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### Enhancing the University’s Mission: Over 5,000 Graduate Students Contribute to Progress

Graduate students will be awarded their diplomas at the commencement ceremony scheduled for May 12, 2023, at the Ferrell Center. The event was captured in a photo by Chris Rios.

Written by Rory Dulock | Staff Writer

Baylor University celebrated the invaluable contributions of its 5,000 graduate students during Graduate Student Appreciation Week. This week not only acknowledged the university’s expanding graduate programs and enrollment but also highlighted the significant role these students play in advancing Baylor’s mission.

In a statement from the Presidential Perspective, faculty members joined in expressing gratitude to the nearly 5,500 graduate students who contribute to the university’s mission while pursuing their individual callings at Baylor. This includes on-campus graduate students who engage in research and teaching alongside Baylor students and professors, as well as the growing online and professional student body, extending Baylor’s influence nationwide.

Dr. Christopher Rios, the associate dean for enrollment management in the graduate school, noted the substantial growth the graduate school has experienced in recent years.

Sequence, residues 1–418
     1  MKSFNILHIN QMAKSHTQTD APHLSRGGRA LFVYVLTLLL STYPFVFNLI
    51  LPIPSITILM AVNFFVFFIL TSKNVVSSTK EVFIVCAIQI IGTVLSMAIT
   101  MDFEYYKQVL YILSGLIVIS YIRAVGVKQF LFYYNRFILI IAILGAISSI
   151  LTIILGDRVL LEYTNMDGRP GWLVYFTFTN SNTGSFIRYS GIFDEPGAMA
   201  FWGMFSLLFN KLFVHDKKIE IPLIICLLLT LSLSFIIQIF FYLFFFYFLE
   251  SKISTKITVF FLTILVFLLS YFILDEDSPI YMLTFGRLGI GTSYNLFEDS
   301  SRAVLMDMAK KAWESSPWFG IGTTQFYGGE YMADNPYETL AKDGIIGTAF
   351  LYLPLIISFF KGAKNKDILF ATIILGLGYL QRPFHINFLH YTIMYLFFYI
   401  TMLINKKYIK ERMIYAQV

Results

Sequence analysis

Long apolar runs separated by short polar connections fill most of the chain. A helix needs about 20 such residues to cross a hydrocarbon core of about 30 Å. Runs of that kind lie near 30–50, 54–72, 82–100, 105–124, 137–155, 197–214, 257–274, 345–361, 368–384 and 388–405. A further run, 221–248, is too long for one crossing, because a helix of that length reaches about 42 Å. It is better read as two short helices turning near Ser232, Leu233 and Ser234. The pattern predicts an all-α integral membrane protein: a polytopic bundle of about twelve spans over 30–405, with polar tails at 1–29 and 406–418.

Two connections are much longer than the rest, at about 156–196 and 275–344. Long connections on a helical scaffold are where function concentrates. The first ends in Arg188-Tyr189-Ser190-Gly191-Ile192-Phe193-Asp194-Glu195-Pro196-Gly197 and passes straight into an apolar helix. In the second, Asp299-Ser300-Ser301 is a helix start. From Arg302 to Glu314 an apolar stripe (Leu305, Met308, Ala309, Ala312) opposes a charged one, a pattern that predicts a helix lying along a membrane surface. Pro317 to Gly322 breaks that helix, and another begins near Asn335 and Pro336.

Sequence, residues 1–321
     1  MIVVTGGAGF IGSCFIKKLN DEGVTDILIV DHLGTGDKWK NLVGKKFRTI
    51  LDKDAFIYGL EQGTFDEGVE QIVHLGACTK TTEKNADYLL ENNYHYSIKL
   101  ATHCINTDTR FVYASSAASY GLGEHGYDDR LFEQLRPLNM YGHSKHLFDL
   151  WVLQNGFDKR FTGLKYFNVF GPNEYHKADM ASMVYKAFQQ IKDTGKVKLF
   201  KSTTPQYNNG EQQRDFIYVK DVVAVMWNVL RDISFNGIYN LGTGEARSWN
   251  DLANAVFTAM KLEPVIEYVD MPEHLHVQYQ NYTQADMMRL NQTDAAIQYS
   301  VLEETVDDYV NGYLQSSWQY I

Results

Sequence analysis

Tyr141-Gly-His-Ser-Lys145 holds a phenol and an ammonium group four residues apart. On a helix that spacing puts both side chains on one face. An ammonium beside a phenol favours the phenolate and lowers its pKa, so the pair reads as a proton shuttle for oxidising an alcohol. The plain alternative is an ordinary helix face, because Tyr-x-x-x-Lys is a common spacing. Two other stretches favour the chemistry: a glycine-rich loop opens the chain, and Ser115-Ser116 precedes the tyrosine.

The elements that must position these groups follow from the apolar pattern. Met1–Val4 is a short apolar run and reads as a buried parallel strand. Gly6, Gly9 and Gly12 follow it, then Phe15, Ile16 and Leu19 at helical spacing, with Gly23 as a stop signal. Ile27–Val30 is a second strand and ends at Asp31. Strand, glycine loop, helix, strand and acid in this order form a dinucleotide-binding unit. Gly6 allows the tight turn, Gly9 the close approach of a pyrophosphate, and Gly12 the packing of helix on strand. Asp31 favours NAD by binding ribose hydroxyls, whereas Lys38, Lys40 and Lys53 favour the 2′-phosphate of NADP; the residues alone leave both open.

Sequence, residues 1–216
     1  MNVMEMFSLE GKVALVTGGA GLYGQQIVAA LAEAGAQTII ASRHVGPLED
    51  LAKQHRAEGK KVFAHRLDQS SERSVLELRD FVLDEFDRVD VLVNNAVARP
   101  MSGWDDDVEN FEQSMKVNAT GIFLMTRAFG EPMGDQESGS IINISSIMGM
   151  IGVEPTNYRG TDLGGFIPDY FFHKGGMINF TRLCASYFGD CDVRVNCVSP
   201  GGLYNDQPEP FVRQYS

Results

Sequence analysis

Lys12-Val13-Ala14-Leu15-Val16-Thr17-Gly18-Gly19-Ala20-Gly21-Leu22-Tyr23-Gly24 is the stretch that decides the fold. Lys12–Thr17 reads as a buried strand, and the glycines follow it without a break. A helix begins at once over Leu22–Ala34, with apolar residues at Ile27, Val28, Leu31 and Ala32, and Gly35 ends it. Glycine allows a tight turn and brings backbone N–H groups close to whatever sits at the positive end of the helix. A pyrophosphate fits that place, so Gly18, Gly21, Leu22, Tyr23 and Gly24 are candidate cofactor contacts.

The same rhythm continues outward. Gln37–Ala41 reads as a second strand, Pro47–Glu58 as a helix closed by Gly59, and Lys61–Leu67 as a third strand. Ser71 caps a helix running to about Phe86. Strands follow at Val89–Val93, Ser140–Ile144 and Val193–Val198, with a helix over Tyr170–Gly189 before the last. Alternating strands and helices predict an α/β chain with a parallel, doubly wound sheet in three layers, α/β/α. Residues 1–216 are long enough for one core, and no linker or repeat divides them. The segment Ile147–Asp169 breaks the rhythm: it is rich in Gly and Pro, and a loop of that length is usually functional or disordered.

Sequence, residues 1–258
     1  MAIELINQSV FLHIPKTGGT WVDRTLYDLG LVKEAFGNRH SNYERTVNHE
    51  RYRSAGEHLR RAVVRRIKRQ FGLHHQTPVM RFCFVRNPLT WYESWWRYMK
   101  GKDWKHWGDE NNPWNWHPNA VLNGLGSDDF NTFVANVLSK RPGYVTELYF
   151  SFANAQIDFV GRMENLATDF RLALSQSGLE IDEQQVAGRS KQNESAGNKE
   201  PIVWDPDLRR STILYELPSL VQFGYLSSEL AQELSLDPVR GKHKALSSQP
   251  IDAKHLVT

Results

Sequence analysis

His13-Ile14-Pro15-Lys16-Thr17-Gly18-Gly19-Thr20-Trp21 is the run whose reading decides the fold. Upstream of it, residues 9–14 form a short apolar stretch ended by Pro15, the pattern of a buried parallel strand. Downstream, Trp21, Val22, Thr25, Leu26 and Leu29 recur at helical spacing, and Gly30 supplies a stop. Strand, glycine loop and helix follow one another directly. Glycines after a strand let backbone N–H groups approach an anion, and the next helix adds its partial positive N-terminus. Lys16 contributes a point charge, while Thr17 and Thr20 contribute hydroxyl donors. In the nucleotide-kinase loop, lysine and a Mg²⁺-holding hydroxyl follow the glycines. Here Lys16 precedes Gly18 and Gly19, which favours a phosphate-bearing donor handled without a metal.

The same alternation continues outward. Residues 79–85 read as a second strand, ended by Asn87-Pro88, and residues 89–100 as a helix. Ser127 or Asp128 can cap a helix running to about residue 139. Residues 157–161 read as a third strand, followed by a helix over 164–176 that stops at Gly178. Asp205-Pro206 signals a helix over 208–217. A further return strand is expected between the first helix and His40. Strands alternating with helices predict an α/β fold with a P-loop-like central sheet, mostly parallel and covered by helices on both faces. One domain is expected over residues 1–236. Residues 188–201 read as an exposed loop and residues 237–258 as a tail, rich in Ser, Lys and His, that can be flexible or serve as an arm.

“Over the past five to 10 years, there has been a significant increase in the number of programs across all areas, particularly in our Ph.D. programs,” Rios explained. “Our expansion into online and hybrid professional education has also seen remarkable growth. We have doubled the number of graduate students in the last five years, constituting about 25% of the university population, which is quite substantial.”

David Basher, a Ph.D. student specializing in the Old Testament and Hebrew Bible, emphasized how the expansion of Baylor’s graduate school contributes to maintaining the university’s reputation as a respected research institution.

“Expanding the graduate school further solidifies Baylor’s aim to retain its R1 status,” Basher stated. “Graduate students are actively involved in research across various disciplines within the institution, a significant factor in Baylor achieving R1 research institution status.”

Rios elaborated on the importance of R1 status, highlighting Baylor’s unique position as one of the few private R1 universities, with even fewer Christian R1 institutions.

“Baylor provides a conducive environment for researchers—faculty, students, and post-docs—to explore various fields of study while integrating their faith where applicable,” Rios added. “The integration of faith into academic pursuits remains a distinctive aspect of Baylor.”

Emphasizing the benefits of expanding graduate programs, Rios pointed out the positive impact it would have on the university as a whole.

“Strong graduate programs are indicative of the best universities,” Rios emphasized. “Enhancing our graduate reputation will also elevate the value of undergraduate degrees, increase Baylor’s visibility and overall quality. This growth is essential given the ongoing demographic shifts and the necessity for continued advancement in graduate education.”